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Diabetics Are Feeling the Squeeze

More than a third of U.S. adults have diabetes or prediabetes, and the price of insulin has more than doubled in the past 5 years.

Per-person spending on insulin doubled in a recent five-year period, according to a report released Tuesday by the Health Care Cost Institute.

Individuals with type 1 diabetes spent an average of $5,705 on insulin in 2016, compared with $2,864 in 2012, according to the study. Yes, insulin prices DOUBLED in 5 years, due almost entirely to price increases at the point of sale. Inflation, for the record, is about 2% annually.

This is of special import for payers, as one third of U.S. adults are now living with diabetes or prediabetes, according to a separate report from the Centers for Disease Control and Prevention (CDC). Their report finds that as of 2015, 30.3 million Americans – 9.4 percent of the U.S. population – have diabetes.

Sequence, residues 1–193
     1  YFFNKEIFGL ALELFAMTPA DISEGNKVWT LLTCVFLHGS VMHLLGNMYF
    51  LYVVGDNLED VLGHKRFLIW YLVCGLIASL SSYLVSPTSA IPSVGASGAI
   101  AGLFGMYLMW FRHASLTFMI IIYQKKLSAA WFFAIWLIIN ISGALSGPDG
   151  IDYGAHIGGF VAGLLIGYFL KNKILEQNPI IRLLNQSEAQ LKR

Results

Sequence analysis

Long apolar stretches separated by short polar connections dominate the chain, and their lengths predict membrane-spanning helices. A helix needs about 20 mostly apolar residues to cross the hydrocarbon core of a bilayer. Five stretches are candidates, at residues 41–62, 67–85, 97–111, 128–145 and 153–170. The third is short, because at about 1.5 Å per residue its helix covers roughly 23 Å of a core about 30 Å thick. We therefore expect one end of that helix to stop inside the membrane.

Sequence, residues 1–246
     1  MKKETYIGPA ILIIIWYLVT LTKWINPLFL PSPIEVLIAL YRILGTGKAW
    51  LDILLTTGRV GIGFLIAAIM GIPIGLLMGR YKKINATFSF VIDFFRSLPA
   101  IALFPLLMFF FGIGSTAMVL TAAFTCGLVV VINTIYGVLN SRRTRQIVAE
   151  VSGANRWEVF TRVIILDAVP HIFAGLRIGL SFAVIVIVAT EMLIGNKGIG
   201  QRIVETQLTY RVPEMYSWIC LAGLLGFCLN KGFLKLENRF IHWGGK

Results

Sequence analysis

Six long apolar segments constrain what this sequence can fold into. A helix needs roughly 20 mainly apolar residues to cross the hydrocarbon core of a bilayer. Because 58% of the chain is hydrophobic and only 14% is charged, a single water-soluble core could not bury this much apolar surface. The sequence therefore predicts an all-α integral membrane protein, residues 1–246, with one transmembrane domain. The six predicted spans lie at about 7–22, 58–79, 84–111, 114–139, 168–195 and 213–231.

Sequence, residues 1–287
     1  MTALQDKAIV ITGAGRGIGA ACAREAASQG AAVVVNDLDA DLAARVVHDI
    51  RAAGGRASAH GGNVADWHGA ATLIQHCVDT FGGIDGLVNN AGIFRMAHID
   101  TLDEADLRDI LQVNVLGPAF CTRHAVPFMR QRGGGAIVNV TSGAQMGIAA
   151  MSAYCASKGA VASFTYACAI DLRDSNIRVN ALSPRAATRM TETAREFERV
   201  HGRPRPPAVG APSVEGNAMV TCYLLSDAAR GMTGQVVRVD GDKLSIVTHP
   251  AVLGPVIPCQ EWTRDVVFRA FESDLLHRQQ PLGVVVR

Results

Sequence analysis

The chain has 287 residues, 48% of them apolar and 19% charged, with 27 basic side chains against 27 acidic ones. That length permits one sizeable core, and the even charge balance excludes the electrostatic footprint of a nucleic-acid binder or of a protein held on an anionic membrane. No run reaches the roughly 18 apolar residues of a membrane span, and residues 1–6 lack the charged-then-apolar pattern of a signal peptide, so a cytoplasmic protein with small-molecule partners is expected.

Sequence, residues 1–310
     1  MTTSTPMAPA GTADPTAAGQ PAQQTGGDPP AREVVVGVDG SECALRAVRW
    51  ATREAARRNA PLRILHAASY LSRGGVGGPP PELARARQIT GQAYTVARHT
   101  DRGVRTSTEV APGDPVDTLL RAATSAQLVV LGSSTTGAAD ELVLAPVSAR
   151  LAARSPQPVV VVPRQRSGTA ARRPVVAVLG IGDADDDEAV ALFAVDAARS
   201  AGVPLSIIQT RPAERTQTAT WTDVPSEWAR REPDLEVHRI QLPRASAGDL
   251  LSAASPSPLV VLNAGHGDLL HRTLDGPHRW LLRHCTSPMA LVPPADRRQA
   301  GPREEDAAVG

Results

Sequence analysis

Dramatic price increases like this have the biggest impact on the uninsured and those with the high-deductible health plans currently in fashion with self-funded employers seeking shelter from skyrocketing healthcare costs. And we have seen that as out-of-pocket costs increase, especially for patients with chronic conditions, diseases often go untreated and other health issues are almost certain to follow.

Rx spending diabetics

According to the Health Care Cost Institute study, for a type I diabetic using an average amount of insulin, the price increased from $7.80 a day in 2012 to $15 a day in 2016. This after the cost of insulin tripled between 2002 and 2013.

Here, it is worth noting that Frederick Banting, who discovered insulin in 1923, surrendered the patent for nothing – for free – because he thought it should be available to and affordable for everyone.

Policymakers are taking notice. In May 2018 the American Diabetes Association testified before Congress on the issue. The state of Minnesota is taking action by suing three of the world’s largest insulin manufacturers. And now, Colorado Gov. Jared Polis has signed a bill into law that places a $100 per month cap on insulin co-pays, regardless of how much insulin a patient uses.

Payers like you (or your clients) will be expected to foot any costs over and above.


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